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As mentioned before, a set of 72-dimensional data provides historical information for the forecasting process of forecasting. Bearing in mind that the training process can be lengthy, the smaller the data set, the faster the process will be. Due to the strong correlation among the inputs, this data set can be described with only a few most significant components that hold 97% of the information, i.e., 97% of the variance for the principal components selected. In the system discussed in this paper, the number of principal components depends on whether the input data come from the simulator or from real measurements. This value ranges from seven to 20 components, being higher for the real data on account of less correlation.
The ANN used in this work is a one-hidden layer perceptron since it is the most frequently employed in forecasting and time series due to its performance [24]. The output and the input signals are related by the following equation:
y = φ j = 1 n x j · w j - θ
where y is the output, x j represents the input data, w j denotes the weight that is associated with each x j , and θ is the threshold. Finally, φ is the transfer function that is usually expressed as:
φ = 1 1 + e - x
An important issue is to define the number of neurons of the hidden layer since this significantly affects the performance of the network in terms of execution time and accuracy. In this regard, an iterative process, which consists in carrying out different tests is used. Varying the number of neurons of the hidden layer from 1 to 100 and comparing the performance for each iteration, the ANN that minimizes the test error is composed of a 15-neuron hidden layer. Figure 3 shows the obtained mean square error (MSE) depending on the number of neurons in the hidden layer.
Figure 3. MSE depending on the number of neurons.
Figure 3. MSE depending on the number of neurons.
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The Levenberg–Maquardt algorithm has been chosen for the ANN training for two reasons: (i) the number of iterations required for the ANN training is smaller in comparison to other techniques; (ii) this algorithm always guarantees the convergence of the training process [25,26].
Taking into consideration that every EIT to be checked by the described system generates its own data, the ANN differs between the different EITs, hence the importance of selecting the algorithm that best provides accuracy and fast convergence in equal measure.

2.2. Error Measurement

Once the load forecasting has been carried out and the new measurements for the day (d) are available, the process of error measurement detection for the different EITs can start. As stated in the introduction, the errors to be detected are systematic [27] and can be classified into two different types, namely: offset and gain errors.
Offset errors affect each acquired sample in a systematic way and hence they can question the accuracy of the measurements in the SS. The offset error in percentage is compared against the full scale. Figure 4 shows the load measurement deviation due to the offset.
Figure 4. Seven days with an offset error of −5%.
Figure 4. Seven days with an offset error of −5%.
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Unlike offset errors, gain errors are multiplicative and affect all the measurements proportionally. Figure 5 shows a comparison between the measured, the forecast and the ideal load over a period of seven days for a gain error percentage of −10%.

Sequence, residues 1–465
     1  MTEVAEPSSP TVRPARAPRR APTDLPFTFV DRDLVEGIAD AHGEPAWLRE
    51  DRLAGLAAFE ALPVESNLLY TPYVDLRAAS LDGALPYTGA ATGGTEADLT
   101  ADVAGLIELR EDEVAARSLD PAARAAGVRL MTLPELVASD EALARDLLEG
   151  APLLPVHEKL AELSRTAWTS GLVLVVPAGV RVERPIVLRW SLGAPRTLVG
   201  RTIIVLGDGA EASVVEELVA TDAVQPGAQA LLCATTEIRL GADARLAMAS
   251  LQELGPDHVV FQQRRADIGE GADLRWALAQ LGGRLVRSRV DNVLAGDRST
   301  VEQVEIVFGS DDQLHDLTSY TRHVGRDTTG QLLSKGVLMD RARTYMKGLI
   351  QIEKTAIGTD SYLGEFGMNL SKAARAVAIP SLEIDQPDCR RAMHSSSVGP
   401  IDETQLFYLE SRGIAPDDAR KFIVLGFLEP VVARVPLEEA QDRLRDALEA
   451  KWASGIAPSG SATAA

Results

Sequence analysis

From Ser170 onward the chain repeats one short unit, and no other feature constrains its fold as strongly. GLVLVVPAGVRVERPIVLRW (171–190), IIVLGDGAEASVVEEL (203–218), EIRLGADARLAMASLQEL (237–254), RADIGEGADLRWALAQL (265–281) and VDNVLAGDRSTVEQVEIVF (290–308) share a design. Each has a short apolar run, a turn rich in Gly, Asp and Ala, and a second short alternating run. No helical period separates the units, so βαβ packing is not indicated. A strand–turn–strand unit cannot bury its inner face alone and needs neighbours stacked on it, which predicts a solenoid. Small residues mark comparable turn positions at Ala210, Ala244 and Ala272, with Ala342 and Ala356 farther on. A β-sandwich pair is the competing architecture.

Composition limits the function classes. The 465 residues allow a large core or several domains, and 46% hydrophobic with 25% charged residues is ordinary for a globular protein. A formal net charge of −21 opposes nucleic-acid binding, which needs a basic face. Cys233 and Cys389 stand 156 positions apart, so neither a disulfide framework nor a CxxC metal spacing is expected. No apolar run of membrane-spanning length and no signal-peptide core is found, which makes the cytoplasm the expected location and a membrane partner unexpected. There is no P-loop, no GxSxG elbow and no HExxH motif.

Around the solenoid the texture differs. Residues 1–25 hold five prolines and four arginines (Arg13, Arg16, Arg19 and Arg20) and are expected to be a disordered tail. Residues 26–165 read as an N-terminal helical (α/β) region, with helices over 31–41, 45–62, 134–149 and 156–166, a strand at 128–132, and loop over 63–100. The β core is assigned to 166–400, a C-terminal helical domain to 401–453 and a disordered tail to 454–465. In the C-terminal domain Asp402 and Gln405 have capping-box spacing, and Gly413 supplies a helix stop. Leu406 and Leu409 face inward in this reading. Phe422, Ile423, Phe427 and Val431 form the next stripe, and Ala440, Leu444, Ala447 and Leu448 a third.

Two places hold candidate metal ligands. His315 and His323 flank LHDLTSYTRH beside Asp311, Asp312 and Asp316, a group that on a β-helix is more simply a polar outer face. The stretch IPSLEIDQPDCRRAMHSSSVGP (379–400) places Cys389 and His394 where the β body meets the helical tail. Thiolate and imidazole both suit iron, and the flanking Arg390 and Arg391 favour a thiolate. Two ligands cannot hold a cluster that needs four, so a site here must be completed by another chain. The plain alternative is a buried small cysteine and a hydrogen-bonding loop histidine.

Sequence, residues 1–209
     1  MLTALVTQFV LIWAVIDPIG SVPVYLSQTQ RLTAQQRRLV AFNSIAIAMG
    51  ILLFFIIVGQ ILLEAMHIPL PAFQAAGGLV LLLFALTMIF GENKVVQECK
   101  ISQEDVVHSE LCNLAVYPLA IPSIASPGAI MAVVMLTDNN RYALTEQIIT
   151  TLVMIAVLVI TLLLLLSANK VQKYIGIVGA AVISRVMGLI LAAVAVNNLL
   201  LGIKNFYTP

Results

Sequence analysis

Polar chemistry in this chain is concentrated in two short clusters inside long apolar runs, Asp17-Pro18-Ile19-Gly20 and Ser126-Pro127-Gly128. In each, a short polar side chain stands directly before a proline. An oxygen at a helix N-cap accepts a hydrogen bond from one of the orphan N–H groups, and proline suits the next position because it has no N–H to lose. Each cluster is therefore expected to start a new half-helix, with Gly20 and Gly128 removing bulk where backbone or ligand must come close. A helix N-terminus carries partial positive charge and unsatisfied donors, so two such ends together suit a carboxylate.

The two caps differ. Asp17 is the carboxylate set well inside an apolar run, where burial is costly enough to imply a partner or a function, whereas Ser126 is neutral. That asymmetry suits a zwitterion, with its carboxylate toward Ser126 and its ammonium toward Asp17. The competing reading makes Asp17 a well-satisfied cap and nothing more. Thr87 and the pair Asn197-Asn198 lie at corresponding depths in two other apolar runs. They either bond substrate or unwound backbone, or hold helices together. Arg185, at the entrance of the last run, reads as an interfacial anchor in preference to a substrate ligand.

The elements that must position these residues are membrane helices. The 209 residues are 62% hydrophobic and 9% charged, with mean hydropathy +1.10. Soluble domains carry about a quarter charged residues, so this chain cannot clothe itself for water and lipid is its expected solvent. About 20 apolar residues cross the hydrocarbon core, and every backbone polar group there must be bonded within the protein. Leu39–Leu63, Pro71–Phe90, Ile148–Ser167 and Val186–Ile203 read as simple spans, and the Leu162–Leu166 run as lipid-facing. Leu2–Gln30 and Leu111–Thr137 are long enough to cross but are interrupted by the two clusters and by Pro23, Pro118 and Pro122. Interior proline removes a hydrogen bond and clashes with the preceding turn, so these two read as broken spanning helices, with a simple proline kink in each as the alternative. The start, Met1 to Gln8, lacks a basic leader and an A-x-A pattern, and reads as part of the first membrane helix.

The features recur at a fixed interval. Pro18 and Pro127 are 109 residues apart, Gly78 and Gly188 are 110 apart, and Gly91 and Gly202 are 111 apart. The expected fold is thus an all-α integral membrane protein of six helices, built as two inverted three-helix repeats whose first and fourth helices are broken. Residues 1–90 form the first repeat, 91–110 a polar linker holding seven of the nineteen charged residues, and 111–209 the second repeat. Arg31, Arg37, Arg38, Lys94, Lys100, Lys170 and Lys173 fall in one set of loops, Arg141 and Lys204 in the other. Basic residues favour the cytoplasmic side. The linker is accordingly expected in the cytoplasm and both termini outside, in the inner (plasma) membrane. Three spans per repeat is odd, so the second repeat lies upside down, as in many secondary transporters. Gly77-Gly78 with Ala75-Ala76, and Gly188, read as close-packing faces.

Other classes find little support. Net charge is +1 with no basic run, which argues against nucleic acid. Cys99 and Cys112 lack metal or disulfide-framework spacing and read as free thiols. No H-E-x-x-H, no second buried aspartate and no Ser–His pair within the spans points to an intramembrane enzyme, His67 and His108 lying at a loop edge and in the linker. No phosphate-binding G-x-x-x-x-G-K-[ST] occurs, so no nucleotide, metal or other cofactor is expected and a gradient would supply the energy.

Figure 5. Seven days with a gain error of −10%.
Figure 5. Seven days with a gain error of −10%.
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Regarding their presence, offset and gain errors can occur simultaneously, which greatly hinders the error detection. In this context, both errors must be detected independently. Interestingly, the system described in this paper performs well under worst-case scenarios such as the occurrence of both errors with different signs. In this context, the most general possible scenario is considered when both errors appear at the same time as described in the following equation:
m l p ( t ) = ( i l p ( t ) · α ) + β
where m l p represents the measured load profile, i l p is the ideal measurement load profile, i.e., when no error occurs, and α and β represent the gain and offset error, respectively.
By using the strategy described previously, the forecast load profile ( f l p ( t ) ) can be estimated. Since the process of forecasting introduces a random error ( e f ( t ) ), Equation (5) can be rewritten as:
m l p ( t ) = ( ( f l p ( t ) + e f ( t ) ) · α ) + β
= f l p ( t ) · α + e f ( t ) · α + β
It goes without saying that the better the load prediction, the smaller the error introduced. However, this error can be negligible on account of the fact that it is a random error with mean 0. Therefore, by using different averaging processes, Equation (7) can be reformulated as:
m l p ¯ ( t ) = f l p ¯ ( t ) · α + β
Differentiating both terms in Equation (8) leads to Equation (9):
Δ m l p ¯ ( t ) Δ t = Δ ( f l p ¯ ( t ) · α + β ) Δ t = Δ f l p ¯ ( t ) Δ t · α
Then, the following equation can be obtained by solving for α:
α = Δ m ¯ l p ( t ) / Δ t Δ f ¯ l p ( t ) / Δ t = Δ m ¯ l p ( t ) Δ f ¯ l p ( t )
Finally, substituting the gain error into Equation (8), and solving for β leads to Equation (11):
β = m l p ¯ ( t ) - f l p ¯ ( t ) · α
The proposed system is able to estimate the value of gain and offset error independently. Since there exists a considerable variability in the offset and gain measurement error estimation, the recursive least squares algorithm with forgetting factors (FRLS) is employed for filtering. This algorithm has been extensively utilized in the time-varying system as in [28] where a novel FRLS is developed. To be more precise, in this paper, a forgetting factor of 0.83 has been employed due to the performance enhancement on the trade-off between filtering and fast response.

3. Simulations and Experimental Results